It is these channels which are desired to be plugged and the precipitate will plug these channels. I.e., where most of the sodium hydroxide solution is carried by the normal flow of water to the water flood zone are the very places desired to be plugged and, therefore, it is where the plugging will occur. There will be little or no plugging in zones not taking water, which is desirable.
Immediately after the sodium hydroxide solution is injected, the water flooding can be resumed if the water used to flood will not form a hydroxide precipitate. However, in many instances, the oil bearing zone is being flooded with a recovered water, i.e., with salt water which was originally in formation and it, itself, will contain magnesium, calcium or other ions which will form an insoluble precipitate. In such an event, it is necessary to inject an additional isolation slug of low metallic ion water after the sodium hydroxide solution has been injected.
This process has been described primarily as being applied to a water flood process. However, it will be understood that this process may also be applied to a producing oil well in the same manner. In this application, the precipitated magnesium or calcium hydroxide and perhaps other precipitated hydroxides will function to prevent the entering of connate water into the wellbore of the producing well that has been treated.
One of the additional benefits of this invention is that the precipitous forms are reactable with acids so if an undesirable plug does form, it could be removed by conventional, well known acid treatment.
In addition to the plugging processes, it is known that sodium hydroxide will clean oil from the formation surfaces and thereby release oil so it flows to the production well.
An object of this invention is to increase oil production and reduce accompanying water production from underground formations.
Another object is to plug channels which form in water flooded oil bearing zones.
Other objects are to achieve the above with a method that is versatile, rapid, efficient, inexpensive and does not require complex or complicated machinery nor skilled people to install, adjust, operate, and maintain.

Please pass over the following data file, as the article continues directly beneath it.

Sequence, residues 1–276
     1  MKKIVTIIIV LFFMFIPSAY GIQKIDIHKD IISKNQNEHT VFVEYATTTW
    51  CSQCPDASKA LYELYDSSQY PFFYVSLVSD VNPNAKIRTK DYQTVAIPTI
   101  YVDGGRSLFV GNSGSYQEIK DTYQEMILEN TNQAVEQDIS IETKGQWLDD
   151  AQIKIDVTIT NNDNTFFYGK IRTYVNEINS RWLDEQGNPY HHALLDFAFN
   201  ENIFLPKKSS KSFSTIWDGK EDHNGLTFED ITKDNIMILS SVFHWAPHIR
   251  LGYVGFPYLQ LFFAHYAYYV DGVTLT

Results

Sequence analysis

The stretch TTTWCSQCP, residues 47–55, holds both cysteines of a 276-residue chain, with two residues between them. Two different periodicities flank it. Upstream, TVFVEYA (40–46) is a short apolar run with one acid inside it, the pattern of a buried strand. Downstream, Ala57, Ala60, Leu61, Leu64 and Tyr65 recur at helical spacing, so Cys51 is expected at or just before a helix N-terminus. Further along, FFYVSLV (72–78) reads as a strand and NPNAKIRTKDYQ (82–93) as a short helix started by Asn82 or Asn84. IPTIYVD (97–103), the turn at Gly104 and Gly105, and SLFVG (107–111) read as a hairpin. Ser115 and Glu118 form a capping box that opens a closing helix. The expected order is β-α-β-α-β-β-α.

The specific nature of the invention, as well as other objects, uses, and advantages thereof, will clearly appear from the following description and from the accompanying drawing, the different views of which are not necessarily to the same scale.
FIG. 1 is a schematic representation of an injection well in an underground zone.
FIG. 2 is a schematic representation of the well and zone of Fig. 1 with the hydroxide solution being injected.
FIG. 3 is a schematic representation of the well and zone after completion of the hydroxide injection.
Referring more particularly to FIG. 1 of the drawing, there may be seen an injection well and, particularly, bore 10 which intersects the oil zone 12 which has been channelized. Normally, the oil bearing zone is between two impervious formations 14.
As the first step in this procedure, as isolation slug 16 of water is injected into the zone. The water used for the isolation slug is low in those metallic ions which form insoluble precipitates. The isolation slug prevents contact between the hydroxide solution and any connate water which might be in the injection well or in the immediate vicinity of the injection well. It is important that the precipitate not form in the injection well or immediately near the injection well or there might be a complete plugging at the injection well. Then, the zone 12 and other zones that are not channelized would no longer take flood water which would defeat the basic purpose.